The 30 Rock Emmy winner chats about starring in the new animated movie Megamind and the pleasures (and perils) of parenting in NYC.
Wed Oct 20 2010
Tina Fey is in a hurry: Her five-year-old daughter, Alice, needs her mommy ASAP. "She just threw up," Fey says during a phone call from her office. "In the back of a cab, no less. Apparently, the driver wanted to kick her out right then and there. Thankfully, Alice talked him out of it." The 40-year-old Emmy winner sighs, laughs and settles in for a chat—with a warning: "As soon as I hang up with you, I'm leaving the office to see what I can do for my sick little girl. I get that how-do-you-balance-it-all question a lot, and my advice is always: Whenever you can, just go home."
In case it's not already clear, Fey throws herself into mothering with as much gusto as she did writing for Saturday Night Live (she was the show's first female head writer), and as she does executive-producing, writing and starring (as Liz Lemon) in 30 Rock, the best show on TV that's not called Mad Men. She shares her character's zealous work ethic, if not her neurotic tics. "Someone recently asked if I'd ever pulled any Lemonisms when I'm with my daughter, and the answer is that Liz and I really aren't that different," she says. "Besides, I personally think Lemon would make a great mom. She's used to sacrificing her dignity for others, which is parenting in a nutshell."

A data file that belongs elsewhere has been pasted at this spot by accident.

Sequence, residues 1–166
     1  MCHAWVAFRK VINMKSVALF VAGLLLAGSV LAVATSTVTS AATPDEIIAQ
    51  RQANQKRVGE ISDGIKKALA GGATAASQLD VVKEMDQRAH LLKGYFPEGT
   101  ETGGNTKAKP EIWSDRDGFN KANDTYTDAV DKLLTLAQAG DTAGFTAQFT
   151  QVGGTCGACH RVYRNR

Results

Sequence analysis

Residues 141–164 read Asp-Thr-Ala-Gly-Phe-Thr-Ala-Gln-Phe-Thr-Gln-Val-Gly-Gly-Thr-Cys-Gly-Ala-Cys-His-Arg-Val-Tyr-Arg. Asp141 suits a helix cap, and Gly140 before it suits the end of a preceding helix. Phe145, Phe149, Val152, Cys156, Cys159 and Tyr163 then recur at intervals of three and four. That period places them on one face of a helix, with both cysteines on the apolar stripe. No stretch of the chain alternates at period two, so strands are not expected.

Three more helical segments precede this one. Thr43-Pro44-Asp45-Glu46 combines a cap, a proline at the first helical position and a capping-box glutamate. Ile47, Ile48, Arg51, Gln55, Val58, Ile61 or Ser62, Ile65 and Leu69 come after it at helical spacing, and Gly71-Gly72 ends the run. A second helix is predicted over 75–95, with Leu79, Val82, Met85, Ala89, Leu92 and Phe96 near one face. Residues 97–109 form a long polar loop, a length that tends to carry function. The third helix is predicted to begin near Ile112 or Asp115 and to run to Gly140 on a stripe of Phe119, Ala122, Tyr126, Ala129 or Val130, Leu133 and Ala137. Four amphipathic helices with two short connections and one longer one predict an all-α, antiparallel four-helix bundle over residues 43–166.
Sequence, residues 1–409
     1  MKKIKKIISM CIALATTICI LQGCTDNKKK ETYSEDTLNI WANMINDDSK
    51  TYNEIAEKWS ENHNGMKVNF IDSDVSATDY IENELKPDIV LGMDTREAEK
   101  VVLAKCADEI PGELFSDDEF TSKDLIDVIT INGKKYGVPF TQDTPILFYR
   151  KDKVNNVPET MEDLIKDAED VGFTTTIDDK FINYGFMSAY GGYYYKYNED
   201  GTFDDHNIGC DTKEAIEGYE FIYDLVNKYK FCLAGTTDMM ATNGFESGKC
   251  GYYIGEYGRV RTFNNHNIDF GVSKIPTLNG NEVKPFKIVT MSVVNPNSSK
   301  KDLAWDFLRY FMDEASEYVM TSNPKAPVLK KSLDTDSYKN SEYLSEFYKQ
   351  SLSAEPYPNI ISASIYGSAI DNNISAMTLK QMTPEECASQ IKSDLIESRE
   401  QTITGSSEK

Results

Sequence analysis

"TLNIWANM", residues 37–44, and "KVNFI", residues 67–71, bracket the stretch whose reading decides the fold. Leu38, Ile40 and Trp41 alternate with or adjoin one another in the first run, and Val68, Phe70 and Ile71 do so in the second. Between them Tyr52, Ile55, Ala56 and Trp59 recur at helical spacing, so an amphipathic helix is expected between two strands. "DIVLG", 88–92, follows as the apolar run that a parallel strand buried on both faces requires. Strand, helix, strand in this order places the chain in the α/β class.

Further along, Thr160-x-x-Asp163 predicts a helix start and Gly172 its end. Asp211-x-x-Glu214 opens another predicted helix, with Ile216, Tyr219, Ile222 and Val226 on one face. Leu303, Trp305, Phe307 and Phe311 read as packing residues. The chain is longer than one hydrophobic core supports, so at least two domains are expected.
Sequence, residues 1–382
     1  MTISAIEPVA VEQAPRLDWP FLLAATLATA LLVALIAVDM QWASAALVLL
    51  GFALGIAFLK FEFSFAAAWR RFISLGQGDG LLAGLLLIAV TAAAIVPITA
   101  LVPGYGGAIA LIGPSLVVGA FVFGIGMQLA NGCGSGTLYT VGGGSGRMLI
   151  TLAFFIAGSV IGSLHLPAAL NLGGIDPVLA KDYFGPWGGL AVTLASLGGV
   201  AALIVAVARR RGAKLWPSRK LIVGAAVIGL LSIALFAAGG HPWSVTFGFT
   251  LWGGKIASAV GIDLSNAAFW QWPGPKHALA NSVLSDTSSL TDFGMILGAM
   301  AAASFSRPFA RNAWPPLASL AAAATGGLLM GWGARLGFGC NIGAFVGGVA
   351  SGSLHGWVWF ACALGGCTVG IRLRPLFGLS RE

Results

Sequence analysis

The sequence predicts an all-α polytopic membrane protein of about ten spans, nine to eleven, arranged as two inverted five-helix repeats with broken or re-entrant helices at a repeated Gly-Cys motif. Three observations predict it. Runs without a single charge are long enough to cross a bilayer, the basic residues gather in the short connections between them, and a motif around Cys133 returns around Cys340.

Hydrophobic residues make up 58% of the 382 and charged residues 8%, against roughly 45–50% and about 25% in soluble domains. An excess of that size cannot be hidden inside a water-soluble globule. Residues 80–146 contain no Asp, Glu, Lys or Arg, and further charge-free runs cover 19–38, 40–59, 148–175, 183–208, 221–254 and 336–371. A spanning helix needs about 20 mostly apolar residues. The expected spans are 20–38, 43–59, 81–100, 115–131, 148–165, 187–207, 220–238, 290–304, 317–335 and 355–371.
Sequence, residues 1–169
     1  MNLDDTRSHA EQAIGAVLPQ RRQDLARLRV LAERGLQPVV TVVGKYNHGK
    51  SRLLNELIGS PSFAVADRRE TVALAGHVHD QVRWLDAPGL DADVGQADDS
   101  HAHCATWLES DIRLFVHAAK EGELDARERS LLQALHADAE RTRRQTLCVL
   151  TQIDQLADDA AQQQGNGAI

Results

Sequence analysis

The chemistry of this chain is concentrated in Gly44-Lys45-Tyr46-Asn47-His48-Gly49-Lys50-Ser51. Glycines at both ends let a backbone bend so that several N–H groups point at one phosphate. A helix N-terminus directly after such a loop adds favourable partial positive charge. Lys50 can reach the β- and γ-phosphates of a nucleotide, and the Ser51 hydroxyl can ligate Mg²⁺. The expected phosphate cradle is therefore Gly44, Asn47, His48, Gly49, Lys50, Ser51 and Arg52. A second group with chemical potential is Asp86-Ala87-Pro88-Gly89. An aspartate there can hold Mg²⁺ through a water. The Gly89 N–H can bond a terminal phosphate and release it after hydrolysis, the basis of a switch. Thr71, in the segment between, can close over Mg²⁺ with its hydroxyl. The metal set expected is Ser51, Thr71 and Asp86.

While Alice is too young to be familiar with Fey's 30 Rock character, she has watched her famous mom on the small screen thanks to DVDs and the family's DVR. "She's caught a few [recorded] Saturday Night Live skits...although she thinks Amy Poehler is a lot funnier than me," Fey says. "The other day, she came up to me very worried and asked, 'Mommy, why does Date Night have so much love in it?' If she sees me doing a scene with a man who's not Daddy, she gets very upset. It's nothing against Steve Carrell; Alice is just looking out for Daddy's best interests."